Lake Titicaca glows like a sapphire amidst the subtle shades of brown on the high Andean planes. It sits on the border of Peru and Bolivia, and the Inca considered the 3,200-square-mile lake the birthplace of mankind. The waters continue to support thousands of indigenous farmers and fishermen today.
But as cities in Titicaca's watershed experience a sharp population increase, water contamination from growing urbanization becomes more acute, endangering the lake and those who depend on it.
Rivers of orange and red
The rapidly growing city of El Alto, Bolivia, is home to more than 1 million people, mostly low-income Aymara Indians from the countryside who migrate, seeking employment and education. As unplanned neighborhoods spread outward, the largest city in the Titicaca watershed struggles to provide basic services.
About 80 percent of homes in El Alto have access to potable water, but just 50 percent of its businesses and homes are connected to sewers that lead to the city's one wastewater treatment plant. The rest of the wastewater is piped directly into rivers, increasing health risks in a country of 10 million where around 30,000 children die each year from diarrhea due in part to inadequate sewers and sanitation.
Improving sewage treatment is often pushed aside due to inadequate budgets, says El Alto Mayor Edgar Pataña Ticona, and environmental laws are rarely enforced. “We have rules. They aren’t very strong, but we have them,” Mr. Pataña says.
A lack of quality sewage treatment in El Alto, as in many parts of Bolivia, means industrial waste also feeds into rivers. In sharp contrast to the deep blue of Lake Titicaca, opaque, foul-smelling water trickles through rivers in El Alto. Those rivers run red with blood from slaughterhouses, green with chemicals from factories, and vivid orange from mineral processing. Dead dogs and trash litter the banks, and are swept toward the lake when the rains come each year.
“El Alto doesn’t have an industrial park,” Marco Ribera Arismendi of The Environmental Defense League in Bolivia says. “Most of the medium and small businesses are dispersed through the city and plastic, paint, detergents, and metals from factories go into the rivers and then the lake.” A 2011 United Nations report found “alarming” concentrations of cadmium, arsenic, and lead in various parts of the lake.
There is a proposed second wastewater treatment plant for El Alto, which would rely largely on international funds for completion. But that addition alone will not be enough to allow the city to deal with all its wastewater.
Titicaca is big – larger than the state of Delaware – which makes it resilient and means the majority of its water is still clean. But for populations that live along polluted rivers and lakeshore areas, inaccessible clean water matters little.
People downstream from El Alto say their attempts to fight back have not yielded major change. In 2004 the Bolivian government passed a law declaring the Pallina River, one in a string of rivers that connects El Alto to the lake, an environmental disaster zone. But little action followed the passage of the law, so locals blocked a key highway leading toward the Bolivian capital of La Paz. The roadblock raised national awareness of the river at the time, but years later the water of the Pallina still runs dark and foamy.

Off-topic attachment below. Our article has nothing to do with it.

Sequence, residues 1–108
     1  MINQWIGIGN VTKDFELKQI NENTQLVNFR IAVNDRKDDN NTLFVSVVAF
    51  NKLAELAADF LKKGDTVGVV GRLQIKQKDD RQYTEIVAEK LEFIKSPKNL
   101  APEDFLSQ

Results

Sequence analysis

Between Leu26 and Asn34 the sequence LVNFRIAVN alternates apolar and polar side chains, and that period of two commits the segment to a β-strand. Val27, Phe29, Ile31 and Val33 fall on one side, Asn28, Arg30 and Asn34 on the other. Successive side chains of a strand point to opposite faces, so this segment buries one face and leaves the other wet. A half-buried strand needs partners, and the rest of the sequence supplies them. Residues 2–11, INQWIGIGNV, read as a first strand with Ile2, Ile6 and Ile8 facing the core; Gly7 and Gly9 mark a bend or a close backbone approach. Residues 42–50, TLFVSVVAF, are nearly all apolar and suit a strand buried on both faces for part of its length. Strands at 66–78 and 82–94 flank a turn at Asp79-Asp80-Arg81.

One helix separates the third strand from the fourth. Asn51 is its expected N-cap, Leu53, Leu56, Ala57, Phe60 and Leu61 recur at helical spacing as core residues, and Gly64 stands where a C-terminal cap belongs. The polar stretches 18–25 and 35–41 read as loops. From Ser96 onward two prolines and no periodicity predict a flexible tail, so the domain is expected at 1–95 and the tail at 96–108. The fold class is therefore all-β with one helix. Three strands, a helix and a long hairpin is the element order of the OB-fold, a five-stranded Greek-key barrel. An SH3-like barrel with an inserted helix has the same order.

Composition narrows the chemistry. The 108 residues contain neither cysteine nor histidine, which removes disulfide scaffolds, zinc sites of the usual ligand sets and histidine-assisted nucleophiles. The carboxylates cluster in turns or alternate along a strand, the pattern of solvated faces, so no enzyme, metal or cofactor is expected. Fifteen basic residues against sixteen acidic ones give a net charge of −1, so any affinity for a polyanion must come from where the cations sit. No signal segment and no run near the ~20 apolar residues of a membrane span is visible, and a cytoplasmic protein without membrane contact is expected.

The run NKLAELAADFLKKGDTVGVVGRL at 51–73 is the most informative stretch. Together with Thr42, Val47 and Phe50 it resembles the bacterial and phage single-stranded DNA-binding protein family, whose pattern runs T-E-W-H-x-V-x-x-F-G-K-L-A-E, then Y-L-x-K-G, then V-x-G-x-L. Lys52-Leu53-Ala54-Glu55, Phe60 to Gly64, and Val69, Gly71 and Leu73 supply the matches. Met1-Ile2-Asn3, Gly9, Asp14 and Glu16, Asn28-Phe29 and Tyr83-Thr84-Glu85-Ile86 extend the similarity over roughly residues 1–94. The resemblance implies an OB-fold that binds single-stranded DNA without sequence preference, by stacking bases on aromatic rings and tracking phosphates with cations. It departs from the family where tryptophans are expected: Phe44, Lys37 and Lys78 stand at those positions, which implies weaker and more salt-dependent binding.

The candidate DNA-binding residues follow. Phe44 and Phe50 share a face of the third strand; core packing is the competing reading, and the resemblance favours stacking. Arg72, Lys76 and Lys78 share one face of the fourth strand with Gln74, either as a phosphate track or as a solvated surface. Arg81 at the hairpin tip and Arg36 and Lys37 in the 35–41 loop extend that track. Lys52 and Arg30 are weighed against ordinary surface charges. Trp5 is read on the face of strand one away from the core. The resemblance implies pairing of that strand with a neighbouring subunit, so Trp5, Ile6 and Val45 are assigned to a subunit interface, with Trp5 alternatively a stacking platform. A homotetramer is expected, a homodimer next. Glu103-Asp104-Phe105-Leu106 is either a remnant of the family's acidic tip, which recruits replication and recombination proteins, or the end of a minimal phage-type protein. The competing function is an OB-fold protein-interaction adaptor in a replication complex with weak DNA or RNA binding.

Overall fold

“When I was a child the Pallina River was clean, the water was crystalline,” says Rigoberto Rios Miranda, an Aymara farmer who has lived on the bank of the Pallina his entire life. “About 15 or 20 years back they contaminated it. There were fish here – then one day waters came – I don’t know from where, maybe a tannery, but all the fish were dead.”
Mr. Rios Miranda, like many farmers, is digging wells on his property after deciding livestock should no longer drink from the river. Another economic blow for people along the Pallina is that they can no longer process tunta, a dried potato that was washed in the river water and sold for relatively high prices.
Challenged by tourism
Despite all the pollutants El Alto sends toward Lake Titicaca, it is not the only source of contamination. Rivers winding toward the lake pass smaller towns that contribute human and industrial waste, and some gold mining operations in Peru use a smelting process which releases mercury into the water. Livestock grazing along the shore loads the lake with organic waste, as well. This can fuel explosive aquatic plant growth, sucking up oxygen and cutting off sunlight other plants and animals need to survive.
Tourism is yet another concern: a double-edged sword that brings better income to the impoverished region, but also environmental challenges. The Peruvian city of Puno and Copacabana in Bolivia receive tens of thousands of national and international visitors each year.
Eco-tourism and infrastructure must be developed carefully to avoid further damaging the lake, says ecologist Francisco Fonturbel, who has studied the lake extensively. Government and non-governmental projects aim to address this issue, but much work remains. In Puno, Peru, for example, the city relies on overtaxed sewage treatment pools, and trash and raw sewage, exacerbated by sharp population influxes due to tourism, find their way into the lake.
“Right now we can see that the number of fish is decreasing,” says Marcelino Coila Choque, an Aymara fisherman who lives a few miles from Puno. He says overfishing and pollution are killing his livelihood.
“What will happen to our children in the future when the fish disappear? What will become of them?” Mr. Coila says. “That’s what we worry about … and not just here, but in different places all around the lake.”